LAS VEGAS — The post-shave stubble was pretty thick already, and his voice was still a little gravelly, two clear indications that the Blackhawks’ Stanley Cup celebration has spilled into a second week.
“We’re in Vegas,” Jonathan Toews said with a smirk as he talked with reporters in advance of Wednesday’s NHL Awards at the MGM Grand. “So you do the math on that one.”
But while the Hawks are still reveling and basking in the glow of their third championship in six seasons, a harsh reality check was delivered by the NHL on Tuesday morning. Next season’s salary cap will be $71.4 million. It’s almost exactly what was expected, but it was a cruel reminder that next year’s Hawks will look considerably different from this year’s. With just 14 roster players signed at nearly $65 million, and with Brandon Saad and Marcus Kruger restricted free agents, the Hawks will have to shed salary. And it’s going to happen soon, as general manager Stan Bowman likely will try to recover some of the draft picks he gave up for Antoine Vermette and Kimmo Timonen in time for Friday’s first round in Sunrise, Fla.
“Meeting today with all the other [general] managers will help with all of that,” Bowman said of trade talks. “We’ve had several discussions. We’re still a few days away from the draft. There’ll be a lot more taking before things happen.”
The Hawks have been through this before. But that doesn’t make it any easier.
“All of a sudden, it does feel a lot like 2010, where it’s imminent,” Toews said. “All of a sudden, we kind of turn our outlook from the positive to the negative of everything. It’s going to be tough for our team and tough for some of our teammates. Obviously, it’s not an enjoyable moment, knowing that we might have to lose a few.”
Patrick Sharp, an alternate captain, a three-time champion and a star member of the Hawks’ vaunted core, is the biggest name on the trading block. Multiple sources say that at least eight teams have expressed legitimate interest in Sharp, including the Washington Capitals, Pittsburgh Penguins, Montreal Canadiens, Detroit Red Wings, Dallas Stars and Florida Panthers. Talks are still in the preliminary stages, as Bowman tries to feel out the market.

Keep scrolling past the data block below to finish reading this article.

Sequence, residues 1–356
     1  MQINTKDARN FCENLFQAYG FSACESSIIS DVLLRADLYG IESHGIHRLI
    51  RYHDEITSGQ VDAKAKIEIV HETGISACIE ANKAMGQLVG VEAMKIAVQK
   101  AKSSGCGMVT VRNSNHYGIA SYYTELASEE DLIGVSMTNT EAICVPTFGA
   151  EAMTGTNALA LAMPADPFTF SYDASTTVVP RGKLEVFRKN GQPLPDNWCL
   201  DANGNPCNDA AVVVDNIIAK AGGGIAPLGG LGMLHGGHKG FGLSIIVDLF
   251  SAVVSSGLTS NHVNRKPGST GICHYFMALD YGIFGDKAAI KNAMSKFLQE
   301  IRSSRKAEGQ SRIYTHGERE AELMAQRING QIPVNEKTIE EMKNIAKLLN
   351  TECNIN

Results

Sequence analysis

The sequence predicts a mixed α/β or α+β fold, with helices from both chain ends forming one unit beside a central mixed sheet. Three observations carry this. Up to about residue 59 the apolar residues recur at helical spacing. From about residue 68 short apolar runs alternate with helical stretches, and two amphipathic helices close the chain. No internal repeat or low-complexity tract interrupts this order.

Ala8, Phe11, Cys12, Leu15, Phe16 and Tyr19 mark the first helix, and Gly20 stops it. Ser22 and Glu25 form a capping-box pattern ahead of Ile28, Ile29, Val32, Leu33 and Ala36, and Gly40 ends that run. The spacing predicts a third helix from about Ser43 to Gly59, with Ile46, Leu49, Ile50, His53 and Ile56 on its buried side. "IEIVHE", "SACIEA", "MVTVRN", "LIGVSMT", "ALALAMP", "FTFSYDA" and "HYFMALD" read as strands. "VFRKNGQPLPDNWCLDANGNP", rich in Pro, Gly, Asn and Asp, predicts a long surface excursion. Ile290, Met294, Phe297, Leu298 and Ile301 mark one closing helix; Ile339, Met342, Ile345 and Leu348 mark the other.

The Hawks have lost key players before —Andrew Ladd and Dustin Byfuglien, among others, in 2010; and Dave Bolland in 2013 —but Sharp would be by far the biggest cap casualty yet. He’s 11th on the Hawks’ all-time goals list, and 15th on the all-time points list.
Toews said the players have been discussing the grim realities among themselves, after trying to block it out all season.
“There’s always the understanding of those types of things that might be coming around the bend,” he said. “We got questions about it throughout the season. I think we’re all pretty realistic about what might happen.”
NOTE: In an effort to reduce the number of games decided by shootouts, overtime will be 3-on-3 next season, pending expected approval from the board of governors. Overtime had been 4-on-4, while regulation and playoff overtimes are 5-on-5. It likely will be an advantage for highly skilled teams like the Hawks, who can trot out a trio of Toews, Patrick Kane and Duncan Keith, among other tantalizing combinations.
“It’s exciting for the fans,” Bowman said. “I think they’re going to love it.”
The GMs also endorsed a coach’s challenge for instances of goalie interference and offsides that lead to goals.